Canadian P&C insurers running into problems

One of my long-term macro theories is that insurance may face difficulties in the next few decades. My view is based on macro considerations and has nothing to do with industry-specific issues. My main concern arises from my belief that bond yields will stay low—this is contradictory to consensus views which expect yields to rise due to inflation—and, in addition, returns on assets may also be poor. It may be a surprise to those who haven't looked into the industry, the reality is that many insurance companies do not make much money off underwriting. Instead, they mostly make money off the investment returns they earn by investing premiums. Even a well-run insurer like Berkshire Hathaway wouldn't make much money if its returns on its investments were low.

Well, it looks like the Canadian property & casulty insurance industry may be facing some difficulties. It's hard to say whether this is just a public relations move to placate governments and consumers before hiking insurance premiums, or whether there is more to it.

Here is the story from The Globe & Mail:

Underwriting results, the sector's bread and butter, were once again poor in the first quarter and that is worrisome, he said. Several factors are threatening to batter them further.

Auto insurance in Ontario, a product that accounts for roughly one-quarter of the industry's premiums, has become unprofitable, Mr. Thompson noted.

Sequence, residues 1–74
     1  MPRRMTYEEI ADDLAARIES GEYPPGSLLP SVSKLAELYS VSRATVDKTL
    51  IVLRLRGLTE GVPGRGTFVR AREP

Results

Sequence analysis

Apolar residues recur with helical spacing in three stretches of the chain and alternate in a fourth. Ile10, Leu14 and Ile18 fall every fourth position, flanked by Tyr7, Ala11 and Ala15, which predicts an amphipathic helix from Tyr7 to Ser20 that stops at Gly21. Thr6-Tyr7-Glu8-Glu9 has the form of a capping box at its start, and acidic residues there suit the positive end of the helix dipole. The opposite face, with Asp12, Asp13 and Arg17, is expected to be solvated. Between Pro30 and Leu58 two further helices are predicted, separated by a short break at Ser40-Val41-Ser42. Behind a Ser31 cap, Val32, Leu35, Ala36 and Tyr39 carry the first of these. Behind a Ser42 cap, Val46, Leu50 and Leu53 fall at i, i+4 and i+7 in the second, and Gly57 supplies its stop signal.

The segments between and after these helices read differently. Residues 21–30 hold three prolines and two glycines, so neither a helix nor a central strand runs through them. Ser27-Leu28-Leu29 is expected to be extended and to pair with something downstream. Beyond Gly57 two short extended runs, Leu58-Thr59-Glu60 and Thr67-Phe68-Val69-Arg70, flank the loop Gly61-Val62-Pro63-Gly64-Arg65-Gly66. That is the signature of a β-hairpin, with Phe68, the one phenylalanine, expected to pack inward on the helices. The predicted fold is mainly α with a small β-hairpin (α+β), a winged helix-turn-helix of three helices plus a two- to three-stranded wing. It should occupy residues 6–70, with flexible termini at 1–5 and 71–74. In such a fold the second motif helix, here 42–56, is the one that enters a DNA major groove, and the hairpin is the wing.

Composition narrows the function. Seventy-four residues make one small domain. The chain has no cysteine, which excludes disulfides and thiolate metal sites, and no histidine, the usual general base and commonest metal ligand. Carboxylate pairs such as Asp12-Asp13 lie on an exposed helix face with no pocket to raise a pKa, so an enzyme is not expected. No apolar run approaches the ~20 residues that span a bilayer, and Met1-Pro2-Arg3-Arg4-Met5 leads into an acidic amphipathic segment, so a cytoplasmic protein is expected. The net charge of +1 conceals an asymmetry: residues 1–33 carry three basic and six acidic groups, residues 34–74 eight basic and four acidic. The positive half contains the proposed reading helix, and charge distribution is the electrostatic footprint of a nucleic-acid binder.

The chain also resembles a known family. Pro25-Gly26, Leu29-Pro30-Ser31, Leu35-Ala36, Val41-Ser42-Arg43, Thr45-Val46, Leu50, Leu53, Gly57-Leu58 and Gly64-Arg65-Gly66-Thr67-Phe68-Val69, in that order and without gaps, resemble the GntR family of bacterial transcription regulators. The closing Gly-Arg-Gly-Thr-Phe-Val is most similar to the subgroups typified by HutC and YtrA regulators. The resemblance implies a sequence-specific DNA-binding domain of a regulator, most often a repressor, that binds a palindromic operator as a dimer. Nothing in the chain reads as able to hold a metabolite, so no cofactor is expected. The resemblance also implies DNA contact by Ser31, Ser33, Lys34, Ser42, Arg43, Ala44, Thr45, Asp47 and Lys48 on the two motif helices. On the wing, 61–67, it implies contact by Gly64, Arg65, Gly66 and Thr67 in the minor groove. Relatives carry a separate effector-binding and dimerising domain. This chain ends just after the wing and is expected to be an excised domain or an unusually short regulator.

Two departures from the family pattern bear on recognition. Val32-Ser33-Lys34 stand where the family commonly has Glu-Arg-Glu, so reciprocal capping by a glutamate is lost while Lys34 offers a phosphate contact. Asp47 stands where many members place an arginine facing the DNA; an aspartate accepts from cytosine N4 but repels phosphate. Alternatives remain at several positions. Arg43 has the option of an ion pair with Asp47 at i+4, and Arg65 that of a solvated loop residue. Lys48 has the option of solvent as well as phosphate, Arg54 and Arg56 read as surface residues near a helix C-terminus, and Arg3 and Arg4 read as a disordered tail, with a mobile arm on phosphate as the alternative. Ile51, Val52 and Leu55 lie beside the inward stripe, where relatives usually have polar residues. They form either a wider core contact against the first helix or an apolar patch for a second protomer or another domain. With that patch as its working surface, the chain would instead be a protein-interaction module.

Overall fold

The province is currently in the public consultation stage of making changes to the rules governing auto insurance, and the sector is very worried about some of the potential changes.

“For every dollar of premium we currently collect on the accident benefit side within our motor premiums, we're paying out something like $1.79 on claims,” said Mr. Spencer. At Aviva, “because of what's going on in Ontario auto, and where Ontario auto's going, at the moment we're looking to probably change the mix of our book towards Quebec, the West and also probably more towards commercial insurance than personal insurance.”

Beyond Ontario, continuing court challenges in Alberta and Nova Scotia could result in changes to the profitability of auto insurance as a result of the impact on injury claims, Mr. Thompson noted. While the uncertainty continues, OSFI is telling insurers that they must maintain conservative capital levels that largely assume the worst-case scenarios.

Meanwhile, homeowners insurance, which was once “a veritable cash cow,” has been impacted by the rising level of windstorms, rain damage and sewer backups, said Mr. Thompson. That's turned what was once a solid performer for the industry into an unprofitable business line.

When it comes to their investment portfolios, P&C insurers tend to invest conservatively, but most were hurt last year when yields on government bonds fell, and many were hurt by the declining stock markets. Going forward, as the insurers' bond holdings mature, it's likely that they will increasingly have to be reinvested into bonds with lower yields.

The first few paragraphs quoted are industry-specific issues and likely aren't an issue in the long run. Insurers will either raise premiums or adjust their business, avoiding unprofitable areas.

The potentially serious problem is the last paragraph that was quoted. Namely, insurers—this applies to any type of insurer—are probably looking at poor returns from bonds and stocks in the future. I don't believe they invest much in alternative assets such as hedge funds, private equity, real estate, gold, and the like, but returns there are also likely to be poor—possibly even worse than the stock market.


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